Rotterdam has 18.5 km2 of – mostly empty – flat roofs. Why has the city only made use of a limited number of roofs, when there is so much potential in doing so? To address this topic, the City of Rotterdam commissioned MVRDV and Rotterdam Rooftop Days to produce a catalogue of 130 innovative ideas to make use of the city’s roofs, giving rise to a fantastic new phase of development in Rotterdam.
Terrace building. This is a twist on the bridge building. The terrace building connects two buildings of different heights, which creates green terraces. The terrace building is ideal for living or working.
Community workshops. Community workshops are simple spaces where people can create things. They are furnished with workbenches and tools and accessible to the whole neighborhood.
Rotterdammers are increasingly becoming used to seeing green roofs and even rooftop forests, thanks to the completion of MVRDV’s Depot Boijmans Van Beuningen. Yet flat roofs can be used for much more, for example storing water or as an event space. The Rooftop Catalogue offers an inspiring overview of no less than 130 different possibilities, from personal offices to sports fields to a cemetery.
Work spaces and guest rooms. These rooftop work spaces and guest rooms are like extensions of small apartments. People from the apartment building below can rent the space for work or for visitors that are staying over.
Vertical park. When we think of parks, we often think of horizontal green surfaces, but a park can also be stacked. This creates a great diversity of spaces: spaces where people can meet up, spaces just for animals, spaces for activities, spaces for relaxation and/ or spaces for some peace and quiet.
The twist. A new apartment building can be neatly placed on a rooftop within the contours of the rooftop surface underneath, but it can also be given a different twist, creating a contrast with the existing building below.
Filling up a pitched roof. Filling up a pitched roof to make it flat provides additional square metres. A new large roof can provide space for a garden or a vegetable garden.
The Rooftop Catalogue shows how roof use can be a solution for the scarcity of space in the city and how it can help to prevent the city from expanding outwards into rural areas. The book aims to inspire people, showing why we should take to the skies and how reprogramming rooftops can help with major issues such as climate change, a lack of housing, and the transition to renewable energy. The catalogue addresses the practical side of using roofs: What are the different options for construction? Which ideas are suitable for which types of building?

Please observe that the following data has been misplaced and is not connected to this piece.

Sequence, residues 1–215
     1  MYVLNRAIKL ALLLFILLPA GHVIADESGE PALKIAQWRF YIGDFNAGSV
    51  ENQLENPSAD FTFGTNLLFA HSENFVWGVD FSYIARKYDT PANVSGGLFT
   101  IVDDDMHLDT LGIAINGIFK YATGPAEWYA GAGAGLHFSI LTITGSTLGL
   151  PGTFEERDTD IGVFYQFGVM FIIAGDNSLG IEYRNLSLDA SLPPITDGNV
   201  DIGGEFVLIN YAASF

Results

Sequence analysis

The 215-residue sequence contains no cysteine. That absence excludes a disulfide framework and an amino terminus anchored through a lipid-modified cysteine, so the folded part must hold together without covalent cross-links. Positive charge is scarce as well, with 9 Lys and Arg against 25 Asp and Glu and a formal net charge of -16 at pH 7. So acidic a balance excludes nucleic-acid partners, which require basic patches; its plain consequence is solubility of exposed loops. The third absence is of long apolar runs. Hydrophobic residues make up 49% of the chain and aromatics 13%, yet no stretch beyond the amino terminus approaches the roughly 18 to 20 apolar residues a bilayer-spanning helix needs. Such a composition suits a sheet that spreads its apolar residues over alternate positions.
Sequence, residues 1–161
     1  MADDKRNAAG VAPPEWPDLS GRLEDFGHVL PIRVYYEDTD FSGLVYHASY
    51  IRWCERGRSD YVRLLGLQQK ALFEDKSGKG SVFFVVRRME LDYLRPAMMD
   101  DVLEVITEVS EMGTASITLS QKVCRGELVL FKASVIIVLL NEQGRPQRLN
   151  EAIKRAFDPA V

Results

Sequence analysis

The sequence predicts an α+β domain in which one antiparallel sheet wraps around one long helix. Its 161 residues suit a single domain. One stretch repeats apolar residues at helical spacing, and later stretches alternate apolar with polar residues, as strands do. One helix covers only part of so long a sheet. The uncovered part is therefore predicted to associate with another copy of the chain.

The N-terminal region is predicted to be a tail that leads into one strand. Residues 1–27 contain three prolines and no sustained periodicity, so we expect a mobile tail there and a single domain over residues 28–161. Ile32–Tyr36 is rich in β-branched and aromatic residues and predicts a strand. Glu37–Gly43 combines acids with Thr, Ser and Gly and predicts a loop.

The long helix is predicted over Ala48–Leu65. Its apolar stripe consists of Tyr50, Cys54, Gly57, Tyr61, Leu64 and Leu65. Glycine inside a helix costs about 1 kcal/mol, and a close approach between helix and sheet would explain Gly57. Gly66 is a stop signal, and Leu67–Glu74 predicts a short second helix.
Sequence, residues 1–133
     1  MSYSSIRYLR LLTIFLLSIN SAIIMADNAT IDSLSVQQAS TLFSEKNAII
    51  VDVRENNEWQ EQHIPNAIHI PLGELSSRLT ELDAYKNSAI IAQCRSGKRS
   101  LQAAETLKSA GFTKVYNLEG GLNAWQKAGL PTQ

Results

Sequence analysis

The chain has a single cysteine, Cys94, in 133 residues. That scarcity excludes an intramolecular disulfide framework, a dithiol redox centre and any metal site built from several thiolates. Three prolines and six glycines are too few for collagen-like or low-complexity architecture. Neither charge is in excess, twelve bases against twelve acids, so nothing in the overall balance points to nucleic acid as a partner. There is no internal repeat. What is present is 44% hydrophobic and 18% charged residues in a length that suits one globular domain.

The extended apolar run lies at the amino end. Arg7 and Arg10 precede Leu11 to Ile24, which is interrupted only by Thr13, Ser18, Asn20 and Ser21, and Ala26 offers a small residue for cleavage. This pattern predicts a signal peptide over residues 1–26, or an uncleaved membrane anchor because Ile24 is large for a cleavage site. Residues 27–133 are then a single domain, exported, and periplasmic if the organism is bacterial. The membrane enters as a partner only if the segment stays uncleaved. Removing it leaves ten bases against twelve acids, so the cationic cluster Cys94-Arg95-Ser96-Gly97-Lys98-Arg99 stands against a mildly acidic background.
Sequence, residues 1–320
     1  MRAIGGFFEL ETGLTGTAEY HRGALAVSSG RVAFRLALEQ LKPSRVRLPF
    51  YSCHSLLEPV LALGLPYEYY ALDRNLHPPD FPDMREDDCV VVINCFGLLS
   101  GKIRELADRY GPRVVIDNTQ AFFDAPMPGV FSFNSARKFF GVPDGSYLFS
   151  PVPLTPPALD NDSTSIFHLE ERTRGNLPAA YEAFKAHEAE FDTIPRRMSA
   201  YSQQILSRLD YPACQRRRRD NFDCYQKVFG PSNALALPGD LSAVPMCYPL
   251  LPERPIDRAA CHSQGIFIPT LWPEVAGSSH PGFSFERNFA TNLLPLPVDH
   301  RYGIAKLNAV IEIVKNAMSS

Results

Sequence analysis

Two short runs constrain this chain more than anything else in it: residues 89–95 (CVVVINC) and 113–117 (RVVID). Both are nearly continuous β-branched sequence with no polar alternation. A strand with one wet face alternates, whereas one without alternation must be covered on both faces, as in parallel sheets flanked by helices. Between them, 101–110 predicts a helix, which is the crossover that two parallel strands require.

Athletic fields. All kinds of athletic fields could be installed on rooftops. Careful consideration should be given to the proper substrate 8so that the ball bounce sufficiently, for example.)
Stadium. In addition to playing sports on a rooftop, people could also watch sports. A small stadium (for tennis or urban sports, for example) would fit on a large rooftop. That way, sports can be accessible to all. The stadium could also be used for cultural events.
Overhang with common intermediate layer. A separate construction allows for more volume to be added (also see the section on construction.) The rooftop between the new construction and the existing one will be a community garden where everyone can come together.
City stage/ event plaza. A permanent stage on a rooftop where events can take place at any time. Of course, the right rooftop must be selected. It should be easily accessible, large enough, and not too close to residential buildings to avoid noise pollution. The stage can stay up and doesn´t have to be taken down after each event.
The Rooftop Catalogue also offers a glimpse of the future; what will it take to make this a reality? “I think we need a new Building Code, or rather a Rooftop Code, with a helpdesk for the homeowners’ associations and corporations that take the initiative. You should be able to stack the four elements – water, greenery, energy, and population – on top of each other, like a sandwich. It should be defined in some kind of regulation that rooftops should be able to support that weight. Stronger structures are more sustainable”, says MVRDV founding partner Winy Maas.